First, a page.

“The fact is that retirees are struggling with the largest jump in inflation in 38 years, while at the same time our pension investments are returning record breaking profits. Looking at the price increases of food alone, never mind gas and most everything else, and it is not hard to see that our members need help,” said Mass Retirees President Frank Valeri, who also serves as a member of the State Retirement Board. “Through October, the Commonwealth’s PRIT Fund had earned more that 17% in 2021. We are on track for the 3rd consecutive year of double digit returns and the 4th out of the past 5 years. 

“As we detailed in both the September and November newsletters, the success of our public pension investments over the past decade has been historic. This success should be shared with the systems’ beneficiaries, as was the plan when the systems were originally established generations ago.

Improving COLAs: Three Areas of Focus

Heading into 2022, Mass Retirees has three areas of focus when it comes to making improvements to the COLA. At the local level of government, each of the 102 local retirement boards has the ability to make improvements in collaboration with their respective legislative bodies. This process is detailed in the November edition of The Voice

FY23 COLA Payment based on the 5.9% CPI 

Legislative action is required to grant local retirement boards the authority to pay a COLA beyond 3%. Mass Retirees is advocating for the passage of such legislation and welcomes the support of local retirement systems, as well as local retirees.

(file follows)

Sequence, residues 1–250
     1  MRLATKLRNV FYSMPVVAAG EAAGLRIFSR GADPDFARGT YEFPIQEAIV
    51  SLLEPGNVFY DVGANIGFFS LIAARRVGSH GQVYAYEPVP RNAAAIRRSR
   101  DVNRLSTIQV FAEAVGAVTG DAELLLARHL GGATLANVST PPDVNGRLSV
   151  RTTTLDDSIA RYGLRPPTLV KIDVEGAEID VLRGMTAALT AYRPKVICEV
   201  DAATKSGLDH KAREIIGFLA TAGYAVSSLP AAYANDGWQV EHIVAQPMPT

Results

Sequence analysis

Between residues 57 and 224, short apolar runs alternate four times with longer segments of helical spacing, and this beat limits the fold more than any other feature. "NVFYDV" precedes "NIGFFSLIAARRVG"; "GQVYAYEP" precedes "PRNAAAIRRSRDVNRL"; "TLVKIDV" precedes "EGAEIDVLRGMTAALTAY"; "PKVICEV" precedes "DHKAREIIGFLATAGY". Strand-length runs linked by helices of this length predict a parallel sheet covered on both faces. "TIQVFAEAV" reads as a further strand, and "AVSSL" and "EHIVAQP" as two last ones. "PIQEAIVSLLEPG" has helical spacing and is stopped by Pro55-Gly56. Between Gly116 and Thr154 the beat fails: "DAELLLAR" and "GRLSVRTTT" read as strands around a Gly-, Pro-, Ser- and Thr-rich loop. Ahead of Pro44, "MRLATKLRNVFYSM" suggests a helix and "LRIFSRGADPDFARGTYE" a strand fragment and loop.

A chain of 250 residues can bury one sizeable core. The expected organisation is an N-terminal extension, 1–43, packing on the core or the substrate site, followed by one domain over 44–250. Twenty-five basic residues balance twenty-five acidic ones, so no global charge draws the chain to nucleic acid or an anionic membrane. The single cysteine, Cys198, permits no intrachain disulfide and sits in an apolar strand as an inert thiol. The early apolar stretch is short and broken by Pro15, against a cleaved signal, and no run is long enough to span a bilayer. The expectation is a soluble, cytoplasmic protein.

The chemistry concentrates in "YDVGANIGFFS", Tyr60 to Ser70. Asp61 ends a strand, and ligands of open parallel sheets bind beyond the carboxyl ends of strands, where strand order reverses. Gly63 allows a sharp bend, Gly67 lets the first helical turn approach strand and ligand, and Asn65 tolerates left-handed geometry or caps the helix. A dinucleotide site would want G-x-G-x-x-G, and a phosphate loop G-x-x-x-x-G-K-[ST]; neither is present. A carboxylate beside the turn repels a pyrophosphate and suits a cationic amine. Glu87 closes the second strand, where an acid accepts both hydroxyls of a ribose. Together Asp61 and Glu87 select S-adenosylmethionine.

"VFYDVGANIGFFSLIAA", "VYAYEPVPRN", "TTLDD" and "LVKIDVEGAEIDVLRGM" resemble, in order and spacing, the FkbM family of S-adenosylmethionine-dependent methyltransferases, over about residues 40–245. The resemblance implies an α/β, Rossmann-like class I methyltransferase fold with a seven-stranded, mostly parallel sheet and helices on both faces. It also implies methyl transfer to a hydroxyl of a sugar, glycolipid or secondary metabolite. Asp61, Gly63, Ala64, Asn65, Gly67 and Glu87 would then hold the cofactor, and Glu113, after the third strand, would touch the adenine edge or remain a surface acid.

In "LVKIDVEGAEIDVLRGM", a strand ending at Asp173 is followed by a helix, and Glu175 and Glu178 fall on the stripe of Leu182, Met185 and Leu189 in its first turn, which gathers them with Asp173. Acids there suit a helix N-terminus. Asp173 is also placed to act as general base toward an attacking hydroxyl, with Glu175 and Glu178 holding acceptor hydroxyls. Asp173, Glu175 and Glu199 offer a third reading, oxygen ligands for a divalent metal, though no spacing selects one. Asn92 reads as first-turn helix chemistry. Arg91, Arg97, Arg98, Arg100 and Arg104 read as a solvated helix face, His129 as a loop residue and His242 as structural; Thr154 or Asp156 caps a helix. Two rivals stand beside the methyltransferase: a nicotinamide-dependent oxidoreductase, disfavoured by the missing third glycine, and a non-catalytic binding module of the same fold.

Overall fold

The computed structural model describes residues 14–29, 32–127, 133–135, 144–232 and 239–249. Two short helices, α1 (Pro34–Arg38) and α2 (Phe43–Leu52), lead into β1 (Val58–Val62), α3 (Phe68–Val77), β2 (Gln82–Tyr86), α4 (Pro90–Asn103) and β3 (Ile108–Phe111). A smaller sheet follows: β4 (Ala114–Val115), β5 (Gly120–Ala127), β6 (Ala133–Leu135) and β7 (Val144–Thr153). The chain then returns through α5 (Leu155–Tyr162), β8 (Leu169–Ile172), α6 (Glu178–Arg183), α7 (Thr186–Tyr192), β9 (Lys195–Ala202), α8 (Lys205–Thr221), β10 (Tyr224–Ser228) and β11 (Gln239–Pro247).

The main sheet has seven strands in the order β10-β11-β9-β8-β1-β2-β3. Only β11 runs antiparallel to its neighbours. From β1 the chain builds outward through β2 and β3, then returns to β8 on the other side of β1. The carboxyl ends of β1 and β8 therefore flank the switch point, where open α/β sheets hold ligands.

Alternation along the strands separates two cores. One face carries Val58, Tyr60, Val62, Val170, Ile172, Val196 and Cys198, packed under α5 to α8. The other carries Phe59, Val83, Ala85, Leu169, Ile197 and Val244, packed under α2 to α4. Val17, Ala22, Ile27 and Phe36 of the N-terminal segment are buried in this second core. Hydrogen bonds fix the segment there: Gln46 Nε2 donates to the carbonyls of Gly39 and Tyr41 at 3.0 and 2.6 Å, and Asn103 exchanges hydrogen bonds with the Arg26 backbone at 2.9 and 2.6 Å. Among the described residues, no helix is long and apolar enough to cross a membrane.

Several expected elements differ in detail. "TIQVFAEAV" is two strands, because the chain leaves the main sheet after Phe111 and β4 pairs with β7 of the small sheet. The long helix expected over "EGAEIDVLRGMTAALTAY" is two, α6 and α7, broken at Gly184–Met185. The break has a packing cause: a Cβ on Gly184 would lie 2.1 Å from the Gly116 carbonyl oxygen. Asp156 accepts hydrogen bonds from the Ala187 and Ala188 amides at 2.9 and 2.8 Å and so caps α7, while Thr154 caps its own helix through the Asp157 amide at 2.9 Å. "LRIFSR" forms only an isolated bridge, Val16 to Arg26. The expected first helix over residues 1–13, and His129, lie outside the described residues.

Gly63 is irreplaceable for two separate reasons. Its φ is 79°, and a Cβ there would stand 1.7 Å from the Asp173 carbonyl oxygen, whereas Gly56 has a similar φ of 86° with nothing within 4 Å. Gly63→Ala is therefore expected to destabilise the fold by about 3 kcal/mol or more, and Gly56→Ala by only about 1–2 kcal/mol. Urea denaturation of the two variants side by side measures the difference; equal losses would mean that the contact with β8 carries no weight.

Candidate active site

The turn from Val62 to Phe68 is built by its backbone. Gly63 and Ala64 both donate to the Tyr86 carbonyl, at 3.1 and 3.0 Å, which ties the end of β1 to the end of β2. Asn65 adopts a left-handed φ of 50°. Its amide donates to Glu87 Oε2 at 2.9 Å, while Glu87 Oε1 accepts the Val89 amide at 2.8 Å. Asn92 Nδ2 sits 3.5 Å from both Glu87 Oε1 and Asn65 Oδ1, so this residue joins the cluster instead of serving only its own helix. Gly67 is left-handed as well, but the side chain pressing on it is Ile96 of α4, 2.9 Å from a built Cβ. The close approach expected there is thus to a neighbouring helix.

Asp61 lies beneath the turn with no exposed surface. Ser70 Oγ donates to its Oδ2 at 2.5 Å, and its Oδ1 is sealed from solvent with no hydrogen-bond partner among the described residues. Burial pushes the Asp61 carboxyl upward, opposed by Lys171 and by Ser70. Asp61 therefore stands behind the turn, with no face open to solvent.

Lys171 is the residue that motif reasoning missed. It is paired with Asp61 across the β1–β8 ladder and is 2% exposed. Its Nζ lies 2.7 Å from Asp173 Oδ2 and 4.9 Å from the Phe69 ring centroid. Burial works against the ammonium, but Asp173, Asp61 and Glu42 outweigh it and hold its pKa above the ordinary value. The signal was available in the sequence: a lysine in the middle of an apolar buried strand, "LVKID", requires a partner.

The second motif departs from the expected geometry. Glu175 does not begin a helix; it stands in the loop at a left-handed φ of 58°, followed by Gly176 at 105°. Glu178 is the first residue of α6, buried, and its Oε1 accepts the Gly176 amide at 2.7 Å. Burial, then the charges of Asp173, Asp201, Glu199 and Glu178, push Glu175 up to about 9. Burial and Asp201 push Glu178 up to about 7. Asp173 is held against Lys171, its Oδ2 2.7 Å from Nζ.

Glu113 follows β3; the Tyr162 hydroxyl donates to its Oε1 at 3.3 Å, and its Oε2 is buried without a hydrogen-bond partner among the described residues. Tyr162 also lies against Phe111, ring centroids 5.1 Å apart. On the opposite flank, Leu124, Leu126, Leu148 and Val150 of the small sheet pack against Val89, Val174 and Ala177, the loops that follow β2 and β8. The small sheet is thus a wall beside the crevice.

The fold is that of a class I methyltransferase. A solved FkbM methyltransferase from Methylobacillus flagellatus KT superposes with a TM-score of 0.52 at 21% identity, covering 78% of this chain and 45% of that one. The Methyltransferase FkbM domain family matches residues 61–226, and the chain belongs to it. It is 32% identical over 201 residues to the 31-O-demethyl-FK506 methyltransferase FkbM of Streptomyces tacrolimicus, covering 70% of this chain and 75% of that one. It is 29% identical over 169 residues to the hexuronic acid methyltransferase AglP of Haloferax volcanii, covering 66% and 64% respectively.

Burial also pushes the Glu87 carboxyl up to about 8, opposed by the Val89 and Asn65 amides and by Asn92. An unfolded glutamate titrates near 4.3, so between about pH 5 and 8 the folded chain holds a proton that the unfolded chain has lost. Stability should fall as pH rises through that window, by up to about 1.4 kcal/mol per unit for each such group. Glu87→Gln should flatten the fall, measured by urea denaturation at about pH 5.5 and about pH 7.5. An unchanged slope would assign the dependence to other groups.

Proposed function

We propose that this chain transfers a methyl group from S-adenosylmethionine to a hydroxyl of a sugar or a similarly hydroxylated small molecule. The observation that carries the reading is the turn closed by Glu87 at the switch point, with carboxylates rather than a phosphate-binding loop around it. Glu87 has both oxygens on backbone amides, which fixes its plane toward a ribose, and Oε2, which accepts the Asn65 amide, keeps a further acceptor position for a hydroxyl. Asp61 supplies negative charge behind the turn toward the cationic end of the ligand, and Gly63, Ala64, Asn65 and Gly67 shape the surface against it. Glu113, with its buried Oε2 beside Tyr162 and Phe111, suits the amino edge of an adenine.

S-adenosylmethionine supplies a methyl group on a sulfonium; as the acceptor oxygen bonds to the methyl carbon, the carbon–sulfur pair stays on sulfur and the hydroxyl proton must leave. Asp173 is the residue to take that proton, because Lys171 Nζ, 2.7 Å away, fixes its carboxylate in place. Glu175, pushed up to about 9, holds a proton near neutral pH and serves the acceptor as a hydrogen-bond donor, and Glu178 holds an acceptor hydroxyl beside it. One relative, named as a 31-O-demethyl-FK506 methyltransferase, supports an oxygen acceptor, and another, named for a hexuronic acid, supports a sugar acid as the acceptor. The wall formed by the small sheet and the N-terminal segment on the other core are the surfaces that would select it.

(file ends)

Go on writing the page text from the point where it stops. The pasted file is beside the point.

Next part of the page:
Action benefiting retired State Employees and Teachers comes through the state legislature, with the approval of the governor. Therefore, Mass Retirees is now working toward passage of legislation targeting three aspects of the COLA. 

While the pension funding schedules of both the State and Teachers Retirement Systems assume an annual 3% COLA be routinely paid each fiscal year, we believe that a one-time increase can be granted for FY23 that will not impair the funding schedule. 

Increased State and Teacher COLA Base 

Currently set at $13,000, the COLA base for retired State Employees and Teachers has increased just once since 1997, when the minimum $12,000 base was established through the landmark COLA reform bill (Chapter 17, Acts of 1997). The last increase in the base took place in 2011 – ten years ago! 

A December 2019 analysis by the Public Employee Retirement Administration Commission (PERAC) placed the annual cost for each $1,000 increase in the COLA base for the State and Teachers’ systems at roughly $54 million, with an unfunded liability of $464 million. According to PERAC Actuary John Boorack, a move to a $16,000 base would carry an annual cost of roughly $165 million, with some $1.5 billion in new liabilities spread over the life of the funding schedule.